Tuesday, May 03, 2011

Neighbor Notices and Votes

Last week the predictions for the election at our neighbor to the north were a bit scary. The polls seemed to indicate a dissatisfaction with the conservative government of Prime Minister Stephen Harper and a very conspicuous drift further to the left. Most Americans don't pay much attention to Canada. Their focus is clearly on the other border and the problems associated with that nation. But, we did have occasion to look at Canada during our national healthcare debate (or whatever that was last year). Canada was touted on one hand as being the glorious socialized medicine future and on the other as the nice place which doesn't allow guns and sends you to the US for doctors if you don't like your place in line.

The polls were apparently off a bit.

Canada Goes Conservative Big!

Some interesting lessons there. The minority government which Harper was leading is now replaced by a flat conservative majority. Now the PM can get an agenda moving with less need to compromise to maintain a parliamentary coalition. Maybe they see the result of liberal policies more clearly than we do.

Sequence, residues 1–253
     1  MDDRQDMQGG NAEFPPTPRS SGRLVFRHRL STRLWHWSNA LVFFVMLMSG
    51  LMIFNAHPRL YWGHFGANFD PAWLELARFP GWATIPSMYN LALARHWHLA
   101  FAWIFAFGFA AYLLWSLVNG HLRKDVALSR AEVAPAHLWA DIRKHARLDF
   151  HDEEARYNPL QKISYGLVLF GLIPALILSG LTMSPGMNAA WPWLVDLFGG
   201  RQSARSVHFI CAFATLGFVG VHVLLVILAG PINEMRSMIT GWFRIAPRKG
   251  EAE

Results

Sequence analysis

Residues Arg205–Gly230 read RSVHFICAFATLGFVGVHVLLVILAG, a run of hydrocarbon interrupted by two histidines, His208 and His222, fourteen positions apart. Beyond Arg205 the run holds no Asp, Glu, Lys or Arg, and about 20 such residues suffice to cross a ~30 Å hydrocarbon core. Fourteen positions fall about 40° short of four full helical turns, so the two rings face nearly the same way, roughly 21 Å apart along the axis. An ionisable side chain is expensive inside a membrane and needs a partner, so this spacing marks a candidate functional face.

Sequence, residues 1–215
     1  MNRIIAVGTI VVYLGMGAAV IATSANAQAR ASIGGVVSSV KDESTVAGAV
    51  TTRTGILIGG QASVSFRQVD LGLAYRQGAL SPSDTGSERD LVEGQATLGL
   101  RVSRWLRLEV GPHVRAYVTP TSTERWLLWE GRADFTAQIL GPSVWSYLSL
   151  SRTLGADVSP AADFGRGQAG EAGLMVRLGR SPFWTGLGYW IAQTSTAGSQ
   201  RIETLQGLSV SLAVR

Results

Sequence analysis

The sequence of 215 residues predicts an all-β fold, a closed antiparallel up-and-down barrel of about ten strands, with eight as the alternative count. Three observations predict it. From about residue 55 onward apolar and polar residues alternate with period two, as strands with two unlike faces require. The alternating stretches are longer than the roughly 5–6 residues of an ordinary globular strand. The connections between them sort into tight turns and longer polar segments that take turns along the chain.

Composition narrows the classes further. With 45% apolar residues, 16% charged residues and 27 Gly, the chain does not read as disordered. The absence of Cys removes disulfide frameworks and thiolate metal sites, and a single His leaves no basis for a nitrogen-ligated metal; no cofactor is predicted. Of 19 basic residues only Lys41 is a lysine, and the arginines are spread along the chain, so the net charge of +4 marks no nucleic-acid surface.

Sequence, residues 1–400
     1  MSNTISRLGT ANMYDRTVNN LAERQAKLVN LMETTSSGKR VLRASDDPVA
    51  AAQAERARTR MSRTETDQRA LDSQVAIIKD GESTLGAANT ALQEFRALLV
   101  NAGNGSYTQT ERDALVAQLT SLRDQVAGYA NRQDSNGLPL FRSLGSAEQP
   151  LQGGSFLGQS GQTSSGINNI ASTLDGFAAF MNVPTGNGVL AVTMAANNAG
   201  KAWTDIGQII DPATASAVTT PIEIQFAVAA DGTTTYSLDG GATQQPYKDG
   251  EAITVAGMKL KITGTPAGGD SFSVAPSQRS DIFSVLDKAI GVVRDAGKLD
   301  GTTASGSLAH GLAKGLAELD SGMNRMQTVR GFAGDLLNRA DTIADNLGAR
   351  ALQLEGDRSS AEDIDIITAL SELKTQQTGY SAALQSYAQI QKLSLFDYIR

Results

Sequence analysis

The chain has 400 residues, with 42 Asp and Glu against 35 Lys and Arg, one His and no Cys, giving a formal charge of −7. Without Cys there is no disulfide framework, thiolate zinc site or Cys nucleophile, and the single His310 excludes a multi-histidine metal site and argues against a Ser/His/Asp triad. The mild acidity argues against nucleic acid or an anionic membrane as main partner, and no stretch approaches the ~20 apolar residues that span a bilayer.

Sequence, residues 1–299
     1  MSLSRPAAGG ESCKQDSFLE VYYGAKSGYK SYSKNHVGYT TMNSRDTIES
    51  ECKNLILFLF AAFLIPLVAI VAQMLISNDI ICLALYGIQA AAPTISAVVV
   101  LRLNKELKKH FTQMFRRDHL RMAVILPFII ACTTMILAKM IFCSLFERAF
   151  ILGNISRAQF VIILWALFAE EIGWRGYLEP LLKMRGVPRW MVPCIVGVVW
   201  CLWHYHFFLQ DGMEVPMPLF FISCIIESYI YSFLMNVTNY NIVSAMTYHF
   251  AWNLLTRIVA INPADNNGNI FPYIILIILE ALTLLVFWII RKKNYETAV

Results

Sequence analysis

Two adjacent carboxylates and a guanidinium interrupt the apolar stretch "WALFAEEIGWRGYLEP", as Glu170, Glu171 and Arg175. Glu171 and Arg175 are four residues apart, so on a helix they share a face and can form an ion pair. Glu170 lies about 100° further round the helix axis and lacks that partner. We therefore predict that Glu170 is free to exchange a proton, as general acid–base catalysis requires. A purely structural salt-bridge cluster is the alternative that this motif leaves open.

The Bloc Quebecois takes a huge hit. Wow, you mean breaking away from a stable respected nation to skulk off into your own language and customs as some sort of snubbing of practicality and tradition isn't a good idea? Maybe this diversity and multi-culturalism thing isn't quite as effective as homogeneity in a nation? Maybe assimilation is more efficient than isolation and divergent traditionalism.

And the pro-labor forces lost a lot of seats. Could free-markets and actual supply/demand pricing of labor and commodities be better than union strong-arm tactics and political pandering for votes?

Too bad we Americans don't educate our kids in the systems of government our neighbors use. The parliamentary, multi-party, fusion of power, governmental model is a lot more common than our Madisonian presidential format. I wouldn't advocate shifting for a minute, but if we saw what was playing out in Canada we might have a much better understanding of our own future. When people learn lessons and change behavior we might want to watch how that works.

1 comment:

bongobear said...

Well stated Ed...as usual.